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The fine structure of a lateral recess of the subarachnoid space in the rat.

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Subarachnoid Space in the R a t
Department of Anatomy, University of North Dakota,
Grand Forks, North Dakota
This study reports an electron microscopic investigation of the
spinal meninges of the rat as they exist between the dorsal and ventral nerve
roots in upper thoracic and cervical levels of the vertebral column. Between these
roots, at a point where they penetrate the spinal dura, the leptomeninges are
characterized by a histological pattern comparable to that elsewhere comprising
the subarachnoid angle. However, this region is modified and possesses a number of heretofore unknown histological features. The most noteworthy is a lateral
recess of the subarachnoid space.
The meninges located between the nerve roots do not form a definite lateral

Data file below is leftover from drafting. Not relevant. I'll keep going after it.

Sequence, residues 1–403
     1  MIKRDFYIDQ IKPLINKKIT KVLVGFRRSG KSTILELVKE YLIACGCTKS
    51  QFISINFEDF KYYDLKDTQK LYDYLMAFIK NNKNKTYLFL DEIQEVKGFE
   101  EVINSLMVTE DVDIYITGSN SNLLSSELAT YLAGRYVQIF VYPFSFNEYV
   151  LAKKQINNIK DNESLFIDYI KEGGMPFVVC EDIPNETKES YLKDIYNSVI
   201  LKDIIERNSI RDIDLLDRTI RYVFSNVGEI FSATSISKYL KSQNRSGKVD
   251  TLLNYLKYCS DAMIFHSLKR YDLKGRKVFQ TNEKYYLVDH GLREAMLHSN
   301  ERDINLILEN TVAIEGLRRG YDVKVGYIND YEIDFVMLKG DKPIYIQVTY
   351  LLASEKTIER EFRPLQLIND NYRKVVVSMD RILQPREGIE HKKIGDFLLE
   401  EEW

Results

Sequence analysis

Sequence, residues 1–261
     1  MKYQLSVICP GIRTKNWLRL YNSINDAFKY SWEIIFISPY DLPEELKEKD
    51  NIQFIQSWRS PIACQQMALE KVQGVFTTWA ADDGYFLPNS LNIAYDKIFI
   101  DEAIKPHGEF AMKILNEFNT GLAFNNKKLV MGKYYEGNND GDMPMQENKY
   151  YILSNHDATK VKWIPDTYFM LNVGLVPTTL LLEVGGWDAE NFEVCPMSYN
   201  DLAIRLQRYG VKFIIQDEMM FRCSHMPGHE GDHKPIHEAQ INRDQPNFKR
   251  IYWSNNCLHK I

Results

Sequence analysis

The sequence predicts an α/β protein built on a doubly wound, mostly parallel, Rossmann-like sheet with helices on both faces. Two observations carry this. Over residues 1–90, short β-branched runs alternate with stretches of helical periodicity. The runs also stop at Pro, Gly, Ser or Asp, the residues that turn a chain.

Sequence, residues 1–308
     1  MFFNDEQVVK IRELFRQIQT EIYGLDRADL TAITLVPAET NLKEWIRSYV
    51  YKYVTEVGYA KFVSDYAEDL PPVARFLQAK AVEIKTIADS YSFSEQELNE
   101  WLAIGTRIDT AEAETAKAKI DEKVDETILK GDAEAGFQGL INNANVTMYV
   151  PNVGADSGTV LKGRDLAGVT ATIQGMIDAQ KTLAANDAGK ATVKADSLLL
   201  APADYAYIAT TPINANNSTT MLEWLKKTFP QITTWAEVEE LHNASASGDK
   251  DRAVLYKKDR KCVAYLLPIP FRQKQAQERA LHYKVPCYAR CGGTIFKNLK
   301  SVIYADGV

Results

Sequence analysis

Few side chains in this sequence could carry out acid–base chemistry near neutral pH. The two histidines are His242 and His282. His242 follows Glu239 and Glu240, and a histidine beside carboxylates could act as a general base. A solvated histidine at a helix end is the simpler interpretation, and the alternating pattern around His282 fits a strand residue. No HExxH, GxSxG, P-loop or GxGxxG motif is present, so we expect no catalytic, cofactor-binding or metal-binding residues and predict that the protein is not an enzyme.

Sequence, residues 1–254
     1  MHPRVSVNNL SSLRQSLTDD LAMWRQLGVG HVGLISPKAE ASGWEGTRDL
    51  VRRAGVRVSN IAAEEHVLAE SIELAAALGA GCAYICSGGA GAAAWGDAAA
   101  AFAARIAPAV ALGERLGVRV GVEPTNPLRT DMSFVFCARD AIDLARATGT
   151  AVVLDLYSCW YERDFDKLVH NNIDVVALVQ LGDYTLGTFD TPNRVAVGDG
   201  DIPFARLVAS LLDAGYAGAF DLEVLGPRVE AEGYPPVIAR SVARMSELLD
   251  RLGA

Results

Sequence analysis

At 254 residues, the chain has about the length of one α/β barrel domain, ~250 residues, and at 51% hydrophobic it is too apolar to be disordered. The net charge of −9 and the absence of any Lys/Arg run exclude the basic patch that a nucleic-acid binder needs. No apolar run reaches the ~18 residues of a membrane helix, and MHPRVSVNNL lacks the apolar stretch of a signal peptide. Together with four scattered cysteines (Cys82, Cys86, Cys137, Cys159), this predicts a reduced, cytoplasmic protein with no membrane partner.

boundary for the subarachnoid space. Here the subarachnoid space opens into a
lateral recess which extends peripherally between the dorsal and ventral nerve
roots. Conspicuous amounts of cellular debris are collected within the lateral recess. Numerous free macrophages congregate here. The lateral recess may be a
communicating pathway between the central and peripheral nervous systems by
way of the endoneurium of the nerve trunk.
The subarachnoid angle, where nerve the dorsal root and neighboring areas reroots leave the subarachnoid space, is an main unclear in this contribution. Shanarea of transition in the coverings of pe- thaveerappa and Bourne ('62, '63, '66), in